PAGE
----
Today, much confusion is created when a current Pope appears to contradict an earlier Pope, council, or whatever magisterial act you like, and to make things worse, there are plenty of yes men who will tell you that you are nuts for seeing the obvious contradiction in papal statements. How can this be? Have the gates of hell prevailed?
In this reprint of several articles originally appearing in Christian Order, Fr. Ripperger helps us to understand the theological principles and the limits of magisterial authority, as well as what one ought to do when Popes contradict each other. This little book is a must read for anyone concerned about events today.
Sensus Traditionis Press is pleased to present a reprint of one of the more famous manuals of exorcism used in the 17th and 18th century. This manual, being a collection from the Rituale Romanum, and several other manuals of exorcism in use at the time, was approved by the Bishop of Antwerp in 1635 and by the royal authority of the Hapsburg Regents ruling the Netherlands for the Spanish.
This has been completely reformatted and transcribed from the 17th century original by Ryan Grant, making it more easily readable without an ‘s’ that looks like an ‘f’, printer’s shorthand and other styles that people are not trained to read today.
This paper book version includes all three of the following volumes in on book: Vol. I: Philosophical Psychology This text, the first of three volumes in the “Introduction to the Science of Mental Health” series, treats the science of mental health and illness and is based on the writings of St. Thomas Aquinas. The text is divided into three parts: What constitutes a valid science of psychology; The principles one must know in order to discuss mental health and illness; What is mental health and illness according to St. Thomas and what are the causes of mental health and illness from a Thomistic perspective. The Forward and imprimatur for the text are by His Excellency, Fabian Bruskewitz, bishop of the Diocese of Lincoln, Nebraska. Vol. II: Sacred and Other Spiritual Causes This second of the three volumes addresses the various aspects of Catholic Theology as they affect mental health. Some of the areas covered are: Relationship of psychology to theology; Sin as it affects mental health; Infused Virtues, Sacraments, Gifts of the Holy Ghost and Prayer; Demonic Influences. Vol. III: Quodlibetal Issues and Practica The third text in the series, this volume addresses the various aspects of psychology which are not covered in the prior two volumes as well as the practical application of Thomistic psychology. Some topics included are: Music; The Subconscious Dreams; Hypnotism; Self Knowledge; Personality and Temperaments; Addictions; Developmental and Educational Psychology; Diagnosis and Counseling; The Role of the Empirical in Psychology.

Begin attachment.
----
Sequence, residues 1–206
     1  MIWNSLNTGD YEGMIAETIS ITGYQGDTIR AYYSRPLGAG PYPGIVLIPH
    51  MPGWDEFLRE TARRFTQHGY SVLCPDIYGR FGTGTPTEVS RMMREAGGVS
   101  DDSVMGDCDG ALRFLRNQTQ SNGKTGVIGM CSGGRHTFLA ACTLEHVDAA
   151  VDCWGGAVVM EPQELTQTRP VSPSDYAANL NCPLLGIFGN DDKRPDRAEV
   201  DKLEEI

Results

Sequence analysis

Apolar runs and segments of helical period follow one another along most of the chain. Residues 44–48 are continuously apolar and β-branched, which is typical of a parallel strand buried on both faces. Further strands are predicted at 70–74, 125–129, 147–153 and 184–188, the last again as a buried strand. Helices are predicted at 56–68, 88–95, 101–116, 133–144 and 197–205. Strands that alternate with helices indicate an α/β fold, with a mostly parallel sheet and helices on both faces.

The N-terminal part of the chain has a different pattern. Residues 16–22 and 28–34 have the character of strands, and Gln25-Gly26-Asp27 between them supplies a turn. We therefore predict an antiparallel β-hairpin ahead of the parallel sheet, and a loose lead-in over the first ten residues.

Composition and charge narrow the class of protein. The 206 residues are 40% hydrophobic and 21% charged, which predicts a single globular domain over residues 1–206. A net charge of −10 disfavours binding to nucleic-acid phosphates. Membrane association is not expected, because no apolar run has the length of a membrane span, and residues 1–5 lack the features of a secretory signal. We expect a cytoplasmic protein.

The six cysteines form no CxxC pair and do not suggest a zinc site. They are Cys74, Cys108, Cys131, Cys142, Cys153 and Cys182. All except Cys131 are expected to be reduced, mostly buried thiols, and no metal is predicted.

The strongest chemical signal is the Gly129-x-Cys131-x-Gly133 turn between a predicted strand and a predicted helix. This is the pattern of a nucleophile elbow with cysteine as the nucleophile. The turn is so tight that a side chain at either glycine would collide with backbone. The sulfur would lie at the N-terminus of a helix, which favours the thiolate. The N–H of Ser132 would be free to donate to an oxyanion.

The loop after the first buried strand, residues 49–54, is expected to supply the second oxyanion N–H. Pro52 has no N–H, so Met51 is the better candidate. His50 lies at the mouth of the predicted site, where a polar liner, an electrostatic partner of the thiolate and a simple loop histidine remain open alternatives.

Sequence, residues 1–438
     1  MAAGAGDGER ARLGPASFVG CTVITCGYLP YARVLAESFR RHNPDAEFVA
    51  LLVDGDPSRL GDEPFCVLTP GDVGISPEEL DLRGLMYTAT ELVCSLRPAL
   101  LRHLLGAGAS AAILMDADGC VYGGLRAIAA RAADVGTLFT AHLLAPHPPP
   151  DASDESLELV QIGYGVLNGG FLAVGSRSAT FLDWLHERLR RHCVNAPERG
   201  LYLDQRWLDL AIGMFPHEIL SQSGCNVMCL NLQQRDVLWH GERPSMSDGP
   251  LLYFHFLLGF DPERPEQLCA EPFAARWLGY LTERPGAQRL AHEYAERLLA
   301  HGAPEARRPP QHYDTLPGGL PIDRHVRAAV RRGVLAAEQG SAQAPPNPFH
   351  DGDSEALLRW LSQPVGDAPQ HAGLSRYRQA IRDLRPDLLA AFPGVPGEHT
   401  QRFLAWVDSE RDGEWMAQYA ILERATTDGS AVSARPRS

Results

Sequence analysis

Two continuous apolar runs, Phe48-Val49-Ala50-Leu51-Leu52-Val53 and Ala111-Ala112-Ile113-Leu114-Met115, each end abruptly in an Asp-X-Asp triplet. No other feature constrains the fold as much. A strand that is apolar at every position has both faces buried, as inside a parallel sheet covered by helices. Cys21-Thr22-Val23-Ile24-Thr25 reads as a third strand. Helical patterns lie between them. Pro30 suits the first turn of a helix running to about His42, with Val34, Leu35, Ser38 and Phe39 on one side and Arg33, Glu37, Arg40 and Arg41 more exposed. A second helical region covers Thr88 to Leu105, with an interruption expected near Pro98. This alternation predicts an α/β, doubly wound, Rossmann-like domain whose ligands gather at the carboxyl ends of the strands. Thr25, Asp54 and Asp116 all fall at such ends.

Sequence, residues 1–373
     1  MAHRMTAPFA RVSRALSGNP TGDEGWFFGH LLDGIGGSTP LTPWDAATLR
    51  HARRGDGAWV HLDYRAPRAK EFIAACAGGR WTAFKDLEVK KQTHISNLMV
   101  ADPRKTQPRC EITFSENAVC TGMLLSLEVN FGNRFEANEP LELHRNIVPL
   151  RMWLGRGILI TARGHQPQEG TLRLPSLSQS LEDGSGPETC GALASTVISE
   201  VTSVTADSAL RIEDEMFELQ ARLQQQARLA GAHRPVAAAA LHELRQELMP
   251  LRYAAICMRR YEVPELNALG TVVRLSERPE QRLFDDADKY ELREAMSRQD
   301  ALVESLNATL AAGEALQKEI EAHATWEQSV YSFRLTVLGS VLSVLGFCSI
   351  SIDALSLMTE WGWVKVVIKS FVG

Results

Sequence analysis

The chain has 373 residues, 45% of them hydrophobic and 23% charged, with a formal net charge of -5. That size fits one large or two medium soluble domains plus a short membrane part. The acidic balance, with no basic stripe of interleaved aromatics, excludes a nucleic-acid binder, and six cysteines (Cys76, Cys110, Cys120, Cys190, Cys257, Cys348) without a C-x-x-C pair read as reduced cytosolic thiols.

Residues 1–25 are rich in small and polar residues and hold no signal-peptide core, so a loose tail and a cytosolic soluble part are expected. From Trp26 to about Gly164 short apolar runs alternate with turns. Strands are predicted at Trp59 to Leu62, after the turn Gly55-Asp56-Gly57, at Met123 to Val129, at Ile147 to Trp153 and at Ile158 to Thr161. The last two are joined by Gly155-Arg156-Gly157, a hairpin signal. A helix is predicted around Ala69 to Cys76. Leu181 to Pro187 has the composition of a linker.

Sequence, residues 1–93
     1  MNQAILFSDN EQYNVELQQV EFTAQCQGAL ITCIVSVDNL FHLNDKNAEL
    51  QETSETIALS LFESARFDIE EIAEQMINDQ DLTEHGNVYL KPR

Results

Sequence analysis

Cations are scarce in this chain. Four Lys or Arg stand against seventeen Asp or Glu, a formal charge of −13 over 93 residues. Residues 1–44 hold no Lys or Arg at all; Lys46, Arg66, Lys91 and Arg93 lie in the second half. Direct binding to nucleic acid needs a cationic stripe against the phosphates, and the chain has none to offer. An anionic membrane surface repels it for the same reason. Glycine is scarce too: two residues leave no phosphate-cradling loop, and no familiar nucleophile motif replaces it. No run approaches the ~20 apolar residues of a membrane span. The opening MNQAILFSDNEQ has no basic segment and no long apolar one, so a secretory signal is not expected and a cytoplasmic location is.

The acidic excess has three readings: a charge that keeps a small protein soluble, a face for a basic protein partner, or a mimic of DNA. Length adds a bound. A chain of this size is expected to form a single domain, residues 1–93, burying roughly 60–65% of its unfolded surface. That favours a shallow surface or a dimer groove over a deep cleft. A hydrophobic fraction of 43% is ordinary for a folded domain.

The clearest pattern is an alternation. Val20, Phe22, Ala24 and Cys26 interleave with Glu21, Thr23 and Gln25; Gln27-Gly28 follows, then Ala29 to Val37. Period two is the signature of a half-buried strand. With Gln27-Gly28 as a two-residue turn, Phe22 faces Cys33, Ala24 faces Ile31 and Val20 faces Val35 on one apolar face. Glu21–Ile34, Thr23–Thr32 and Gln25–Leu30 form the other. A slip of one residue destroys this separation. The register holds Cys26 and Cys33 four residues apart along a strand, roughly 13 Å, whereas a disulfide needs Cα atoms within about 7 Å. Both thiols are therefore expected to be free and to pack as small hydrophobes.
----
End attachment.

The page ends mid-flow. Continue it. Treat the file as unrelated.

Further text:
For the Hardback Edition, see this instructions here.
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A collection of the articles written by Fr. Chad Ripperger on various theological and philosophical topics.
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The average faithful of a conservative or traditional mind, who has the goal of recouping and restoring the tradition of the Church not only in liturgy or in devotion but also in theology, often feels assaulted on all fronts by theologians and clergy who have forgotten that Jesus Christ is pre-Vatican II. Yet most books written by and for traditionalists on current miscellanea address effects of the problems in the Church today, or various facets of the problems around liturgy, doctrine, ecumenism and the like. None of the works out there go back to the very core of the problem, they do state the effects, namely the prior magisterium universally taught “x”, but today clergy, prelates and even members of the magisterium at least appear to be saying the opposite. The real question is what is the “Tradition”, and what principles have been deviated from that we should see the crisis in the Church not only unfold but continue?
Thankfully, we have at last, a clear and concise statement of principles on the tradition and our duties toward it in Fr. Ripperger’s brief but exacting The Binding Force of Tradition (BFT). At 55 pages it is not a lengthy read, but page after page is a clear laying out of principles. In fact, it could be rightly said that the strength of the work is in the very fact that it does not attempt to take up specific examples of teaching or practice which are, or at least appear, at variance with the universal Tradition. Instead, Fr. Ripperger lays out exactly what it is, where it comes from, what authority it has, what the misconceptions are, and what the duty not only of the lay faithful, but even more of the clergy is toward it. Better still, for the lay reader who does not have the benefit of formal orthodox training in philosophy and theology, is that it is a succinct read, well ordered and to the point. As Fr. James McLucas says in his Foreword to the work, “Father Ripperger utilizes the exacting scalpel of Thomistic precision to explain the problem and its solution.”
A Holy Hour of reparation for the neglect of those who have vocations to the priesthood or religious life and the neglect of those who are already in their vocations to the priesthood and religious life in the fulfillment of their duties according to their state in life. With an imprimatur by his excellency Bishop William Slattery, Bishop of Tulsa, OK.
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This is the doctoral dissertation of Fr. Ripperger which covers the distinction in the writings of St. Thomas between object of the moral act, its natural species and its moral species. It covers how, in the mind in St. Thomas, one derives the moral content of the moral species and how one goes from the natural species of the moral act to the moral species which one chooses.
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